On appeal from the Department of Human Services, Division of Medical Assistance and Health Services.
NOT FOR PUBLICATION WITHOUT THE APPROVAL OF THE APPELLATE DIVISION
Submitted December 7, 2009
Before Judges Alvarez and Coburn.
Petitioner J.C. appeals final agency decisions of the New Jersey Department of Human Services denying her Medicaid, Work First New Jersey/General Assistance and Food Stamp benefits. The appeals were calendared back-to-back, and we now consolidate them for disposition in a single opinion. We affirm on both appeals.
Some background is necessary. The workers' compensation court awarded petitioner $308 per week on July 16, 2007, finding her to be totally and permanently disabled due to injuries sustained at her place of employment as a result of a fall. After the workers' compensation matter was completed, a document was prepared in her behalf titled "special needs trust," purporting to comply with and, in fact, specifically citing to, the requirements of 42 U.S.C.A. § 1396. Although not corroborated in the record we have been provided, according to petitioner's brief, this document was on an unspecified date presented to a Law Division judge for "approval." The trust document was signed on September 6, 2007, by petitioner, the named trustee, who is petitioner's mother, and the workers' compensation judge.
The trust states that its purpose is to "supplement rather than supplant, impair or diminish governmental entitlements." Contemporaneously with the creation of the trust, petitioner applied for Work First New Jersey/General Assistance and Food Stamp benefits and Medicaid. Because the special needs trust was not deemed to exempt petitioner's workers' compensation funds from inclusion in the eligibility determination, benefits were denied by the Ocean County Board of Social Services (OCBSS).
Overall, on judicial review, "[o]ur function is to determine whether the administrative action was arbitrary, capricious or unreasonable." Burris v. Police Dep't, Twp. of W. Orange, 338 N.J. Super. 493, 496 (App. Div. 2001) (citing Henry v. Rahway State Prison, 81 N.J. 571, 580 (1980)). See also Aqua Beach Condo. Ass'n v. Dep't of Cmty. Affairs, 186 N.J. 5, 15-16 (2006) (citations omitted). The agency decision must be supported by substantial credible evidence in the record as a whole. Circus Liquors, Inc. v. Middletown Twp., 199 N.J. 1, 10 (2009) (quoting Mazza v. Bd. of Trs., 143 N.J. 22, 25 (1995)). It must not offend either the state or federal constitution and must accord with the agency's legislative mandate. See ibid. (citation omitted). "The burden of demonstrating that the agency's action was arbitrary, capricious or unreasonable rests upon the [party] challenging the administrative action." In re Arenas, 385 N.J. Super. 440, 443-44 (App. Div.), certif. denied, 188 N.J. 219 (2006) (citations omitted). See also Barone v. Dep't of Human Servs., 210 N.J. Super. 276, 285 (App. Div. 1986), aff'd, 107 N.J. 355 (1987) (citations omitted).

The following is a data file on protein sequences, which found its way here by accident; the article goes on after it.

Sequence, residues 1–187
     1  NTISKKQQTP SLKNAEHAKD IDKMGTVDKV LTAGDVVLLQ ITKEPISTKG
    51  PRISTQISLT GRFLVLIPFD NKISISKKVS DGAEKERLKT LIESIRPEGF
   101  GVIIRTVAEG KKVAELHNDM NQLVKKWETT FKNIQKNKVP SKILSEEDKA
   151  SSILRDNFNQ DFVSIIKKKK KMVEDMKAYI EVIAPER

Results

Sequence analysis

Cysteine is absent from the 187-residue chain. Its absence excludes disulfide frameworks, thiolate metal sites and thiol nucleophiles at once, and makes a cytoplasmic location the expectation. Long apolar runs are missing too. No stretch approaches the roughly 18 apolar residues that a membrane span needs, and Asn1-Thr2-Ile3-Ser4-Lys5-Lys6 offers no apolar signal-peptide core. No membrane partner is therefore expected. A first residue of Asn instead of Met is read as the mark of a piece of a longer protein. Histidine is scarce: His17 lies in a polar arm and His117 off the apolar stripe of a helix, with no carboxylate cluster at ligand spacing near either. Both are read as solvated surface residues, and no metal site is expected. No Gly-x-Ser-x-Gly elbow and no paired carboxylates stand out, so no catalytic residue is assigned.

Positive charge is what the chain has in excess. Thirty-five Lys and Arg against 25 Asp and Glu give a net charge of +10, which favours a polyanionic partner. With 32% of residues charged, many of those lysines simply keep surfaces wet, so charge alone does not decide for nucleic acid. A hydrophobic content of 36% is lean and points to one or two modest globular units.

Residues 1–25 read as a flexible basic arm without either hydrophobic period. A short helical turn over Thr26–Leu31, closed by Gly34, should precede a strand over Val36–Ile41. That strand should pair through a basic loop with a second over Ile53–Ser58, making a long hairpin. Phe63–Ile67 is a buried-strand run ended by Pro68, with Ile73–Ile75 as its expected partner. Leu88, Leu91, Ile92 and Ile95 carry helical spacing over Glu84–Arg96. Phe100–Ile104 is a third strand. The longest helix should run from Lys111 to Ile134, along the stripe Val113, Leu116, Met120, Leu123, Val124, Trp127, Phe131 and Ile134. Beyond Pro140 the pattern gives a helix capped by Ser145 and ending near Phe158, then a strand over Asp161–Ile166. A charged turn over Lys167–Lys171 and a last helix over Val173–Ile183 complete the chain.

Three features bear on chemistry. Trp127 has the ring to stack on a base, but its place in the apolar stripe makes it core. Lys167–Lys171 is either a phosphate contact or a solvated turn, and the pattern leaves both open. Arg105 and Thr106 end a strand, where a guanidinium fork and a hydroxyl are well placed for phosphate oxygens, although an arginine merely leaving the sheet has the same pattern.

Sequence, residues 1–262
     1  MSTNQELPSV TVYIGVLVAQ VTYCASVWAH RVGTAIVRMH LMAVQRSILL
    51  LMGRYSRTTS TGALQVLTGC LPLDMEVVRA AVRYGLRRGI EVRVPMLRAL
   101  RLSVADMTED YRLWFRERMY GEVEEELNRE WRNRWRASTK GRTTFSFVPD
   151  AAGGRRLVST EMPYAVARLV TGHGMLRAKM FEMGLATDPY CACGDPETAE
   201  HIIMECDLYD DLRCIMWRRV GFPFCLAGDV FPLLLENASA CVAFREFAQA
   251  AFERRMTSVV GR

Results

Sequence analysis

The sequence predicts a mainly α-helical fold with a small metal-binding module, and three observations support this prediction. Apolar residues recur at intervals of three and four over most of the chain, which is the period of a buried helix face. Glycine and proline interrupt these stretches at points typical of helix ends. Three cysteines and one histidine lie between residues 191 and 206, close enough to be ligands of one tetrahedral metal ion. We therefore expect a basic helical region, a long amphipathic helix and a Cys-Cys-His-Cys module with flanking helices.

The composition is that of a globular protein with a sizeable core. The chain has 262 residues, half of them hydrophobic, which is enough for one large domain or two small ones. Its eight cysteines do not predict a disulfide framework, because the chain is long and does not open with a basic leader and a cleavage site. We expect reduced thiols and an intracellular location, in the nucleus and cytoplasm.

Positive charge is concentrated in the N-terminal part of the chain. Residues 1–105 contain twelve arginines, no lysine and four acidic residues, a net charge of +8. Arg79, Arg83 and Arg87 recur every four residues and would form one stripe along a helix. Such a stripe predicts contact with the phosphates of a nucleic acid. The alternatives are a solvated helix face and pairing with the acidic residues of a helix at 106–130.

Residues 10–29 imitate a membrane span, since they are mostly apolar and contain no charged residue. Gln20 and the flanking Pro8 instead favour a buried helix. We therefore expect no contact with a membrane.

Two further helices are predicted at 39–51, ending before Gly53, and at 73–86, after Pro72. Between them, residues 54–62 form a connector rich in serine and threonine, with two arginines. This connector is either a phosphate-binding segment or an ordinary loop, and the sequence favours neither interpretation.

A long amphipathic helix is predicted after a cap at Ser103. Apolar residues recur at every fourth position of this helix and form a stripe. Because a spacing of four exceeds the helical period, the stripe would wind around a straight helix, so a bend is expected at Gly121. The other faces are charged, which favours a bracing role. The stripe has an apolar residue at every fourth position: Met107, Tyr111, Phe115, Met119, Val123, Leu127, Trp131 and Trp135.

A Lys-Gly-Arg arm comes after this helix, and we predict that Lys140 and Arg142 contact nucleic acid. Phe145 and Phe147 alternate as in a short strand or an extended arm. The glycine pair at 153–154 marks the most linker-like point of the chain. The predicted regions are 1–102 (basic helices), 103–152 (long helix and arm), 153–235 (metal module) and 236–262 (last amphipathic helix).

The Department of Human Services, Division of Medical Assistance and Health Services (DMAHS), issued its final decision denying petitioner Medicaid benefits on May 31, 2008. In his final decision, the Director of DMAHS reversed the initial decision made by an Administrative Law Judge (ALJ) after the matter was transmitted to the Office of Administrative Law as a contested case upon petitioner's appeal of the OCBSS denial of Medicaid benefits. We affirm the final agency determination essentially for the reasons stated in the May 31, 2008 letter of decision. We make only the following comments.
The matter was heard by the ALJ on February 13, 2008. His initial decision concluded that because J.C. was a disabled adult and the trust was "irrevocable," the workers' compensation payments allotted to her were exempt from inclusion in the calculation for Medicaid eligibility. The matter was then returned to DMAHS, and the OCBSS exceptions to the initial decision followed.
A special needs trust that effectively exempts assets or income from inclusion in Medicaid eligibility calculation can be established for the benefit of an individual deemed disabled pursuant to 42 U.S.C.A. § 1382c(a)(3). 42 U.S.C.A. § 1396p(d)(4)(A). The disability determination, however, can only be made by the Social Security Administration or the state disability review team, and only based on the definition set forth in the federal statute. See N.J.A.C. 10:71-3.10 to -3.12(a). Hence, the workers' compensation court judgment as to petitioner's disability, issued by a judge in the workers' compensation context, is not dispositive of whether she is "disabled" pursuant to the federal definition. See N.J.A.C. 10:71-3.10. As the Director of DMHS stated, unless and until petitioner is found to be disabled by the Social Security Administration or the state disability review team, she is not entitled to protect her assets through the use of a special needs trust. See Determining Disability and Blindness, 20 C.F.R. § 404.1504 (2009); Determining Disability and Blindness, 20 C.F.R. § 416.904 (2009).
For that reason, petitioner's points on appeal that a special needs trust is recognized by state and federal law are irrelevant. Unless petitioner's threshold disability determination is made in the legislatively authorized manner, we need look no further, as no qualified special needs trust can be created for a person not deemed disabled. This agency decision was therefore not arbitrary, capricious or unreasonable. It complied with DMAHS's legislative mandate, both federal and state.
Furthermore, contrary to petitioner's assertion, the fact that the ALJ noted that her disability was not disputed does not relieve her of the obligation to adhere to federal and state requirements. The ALJ did not refer to the federal definition of disability that is a prerequisite to the creation of a special needs trust in his initial decision; he did not address this issue at all. In ...